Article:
The Evolution of Language

Language, in its essence, is an ever-morphing creature. The language we speak today, has no doubt evolved over time.

We know that language may change as a result of social or political pressures. Invasion, colonisation, immigration or when a new invention comes along, a new noun is born to accurately describe the new ‘thing’. Ironically, in these situations the likelihood is that the name given to the ‘thing’ is likely to include or be derived from one of history’s oldest languages – Latin!

Language can also change very subtly whenever speakers come into contact with each other. No two individuals speak identically; people from different areas clearly speak differently, but even within the same small community there are variations according to a speaker’s age, gender, ethnicity and social and educational background.

An example of this is Cockney Rhyming Slang. Cockney Rhyming Slang may not be used today as much as it once was, due to the diversity of the ethnicities of the inhabitants of East London, but although it still exists (and is still used today), a new ‘Slang’ has recently been invented by younger generations. Even the ‘original’ has been modified to fit the modern world we live in.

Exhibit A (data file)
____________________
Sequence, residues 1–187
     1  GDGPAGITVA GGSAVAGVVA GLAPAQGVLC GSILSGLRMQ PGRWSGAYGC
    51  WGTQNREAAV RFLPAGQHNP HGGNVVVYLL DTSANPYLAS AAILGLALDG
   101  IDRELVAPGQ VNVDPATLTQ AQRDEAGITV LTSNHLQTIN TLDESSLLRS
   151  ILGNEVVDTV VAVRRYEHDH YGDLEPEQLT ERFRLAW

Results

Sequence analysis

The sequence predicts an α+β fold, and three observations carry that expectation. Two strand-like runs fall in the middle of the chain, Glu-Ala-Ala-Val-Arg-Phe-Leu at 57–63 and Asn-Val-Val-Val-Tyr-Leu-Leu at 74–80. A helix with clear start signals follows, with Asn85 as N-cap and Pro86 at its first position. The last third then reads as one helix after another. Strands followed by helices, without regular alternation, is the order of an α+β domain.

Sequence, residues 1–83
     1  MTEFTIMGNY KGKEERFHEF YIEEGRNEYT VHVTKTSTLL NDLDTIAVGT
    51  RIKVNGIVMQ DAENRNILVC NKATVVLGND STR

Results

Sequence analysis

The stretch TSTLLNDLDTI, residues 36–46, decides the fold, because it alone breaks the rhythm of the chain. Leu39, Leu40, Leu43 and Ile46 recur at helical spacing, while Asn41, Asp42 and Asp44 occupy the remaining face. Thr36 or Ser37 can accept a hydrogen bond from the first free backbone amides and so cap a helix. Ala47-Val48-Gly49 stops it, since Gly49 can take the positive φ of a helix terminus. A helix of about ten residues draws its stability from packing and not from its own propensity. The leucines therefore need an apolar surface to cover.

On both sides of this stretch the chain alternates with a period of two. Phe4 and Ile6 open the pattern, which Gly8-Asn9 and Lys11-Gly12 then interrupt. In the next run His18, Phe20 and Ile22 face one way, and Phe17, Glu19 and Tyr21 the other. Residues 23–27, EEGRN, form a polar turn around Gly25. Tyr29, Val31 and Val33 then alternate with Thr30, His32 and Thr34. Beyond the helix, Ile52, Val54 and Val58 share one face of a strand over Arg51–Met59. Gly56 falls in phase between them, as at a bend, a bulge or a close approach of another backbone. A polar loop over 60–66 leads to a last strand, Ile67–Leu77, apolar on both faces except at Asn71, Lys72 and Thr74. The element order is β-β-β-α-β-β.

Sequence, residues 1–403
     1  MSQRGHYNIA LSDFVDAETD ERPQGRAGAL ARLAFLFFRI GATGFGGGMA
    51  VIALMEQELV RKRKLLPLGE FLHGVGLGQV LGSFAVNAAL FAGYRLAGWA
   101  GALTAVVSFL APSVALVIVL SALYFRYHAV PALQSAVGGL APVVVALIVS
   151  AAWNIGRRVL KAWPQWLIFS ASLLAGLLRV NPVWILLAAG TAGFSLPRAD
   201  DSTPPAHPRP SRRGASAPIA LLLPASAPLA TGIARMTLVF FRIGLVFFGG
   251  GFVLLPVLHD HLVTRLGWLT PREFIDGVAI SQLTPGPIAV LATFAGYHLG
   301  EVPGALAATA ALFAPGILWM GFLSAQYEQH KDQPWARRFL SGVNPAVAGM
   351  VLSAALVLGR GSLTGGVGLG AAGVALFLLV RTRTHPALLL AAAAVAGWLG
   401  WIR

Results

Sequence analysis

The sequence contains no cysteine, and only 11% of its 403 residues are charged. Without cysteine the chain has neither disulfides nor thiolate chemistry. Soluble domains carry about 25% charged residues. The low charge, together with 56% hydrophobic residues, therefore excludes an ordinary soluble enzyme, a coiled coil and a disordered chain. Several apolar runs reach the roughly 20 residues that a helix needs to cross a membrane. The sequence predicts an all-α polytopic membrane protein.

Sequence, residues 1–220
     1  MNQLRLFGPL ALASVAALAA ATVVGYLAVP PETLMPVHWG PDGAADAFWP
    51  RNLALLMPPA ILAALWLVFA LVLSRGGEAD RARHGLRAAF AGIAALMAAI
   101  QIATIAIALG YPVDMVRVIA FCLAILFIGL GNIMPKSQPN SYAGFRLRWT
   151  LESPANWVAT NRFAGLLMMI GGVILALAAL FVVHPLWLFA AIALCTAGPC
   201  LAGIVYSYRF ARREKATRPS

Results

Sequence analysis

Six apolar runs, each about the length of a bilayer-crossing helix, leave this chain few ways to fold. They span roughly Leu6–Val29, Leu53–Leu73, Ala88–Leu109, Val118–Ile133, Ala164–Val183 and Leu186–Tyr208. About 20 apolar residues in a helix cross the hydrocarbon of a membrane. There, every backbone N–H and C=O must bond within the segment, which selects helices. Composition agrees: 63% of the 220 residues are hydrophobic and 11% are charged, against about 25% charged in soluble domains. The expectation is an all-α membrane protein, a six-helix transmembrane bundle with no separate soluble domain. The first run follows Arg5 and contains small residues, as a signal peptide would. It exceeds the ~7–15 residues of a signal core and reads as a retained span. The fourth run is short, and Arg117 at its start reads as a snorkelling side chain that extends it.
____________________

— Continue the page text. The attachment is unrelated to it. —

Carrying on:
Technological advances in social media have provided the publishers of the Oxford English Dictionary with a recent influx of new words. Ten years ago, nobody had heard of being ‘fraped’ or ‘skyping’ anyone. I remember a time when nobody had a ‘twiddly’ or a ‘remote’ to change the channel on the TV. A ‘text’ was a written work ten years ago, not a means of communication.

And what about the ‘language’ of texting? Some argue that the abbreviations are spoiling the English language, with the omission of punctuation and abbreviation, while other see it as another example of the evolution of language.

There are some who believe that a language should be fixed. Jonathan Swift, who wrote Gulliver’s Travels is noted for saying, “Language should be fixed forever, frozen in time, and protected from the ravages of fashion and social trends.”

But is language inanimate? Surely as society changes, the world and its’ inhabitants evolve, shouldn’t the forms of communication evolve with it? As beautiful as the language of Latin is, I’ve yet to walk along a High Street anywhere, and be greeted with, “Salve” or, “Mane bonum” from a passer-by.

What do you think? Let us know!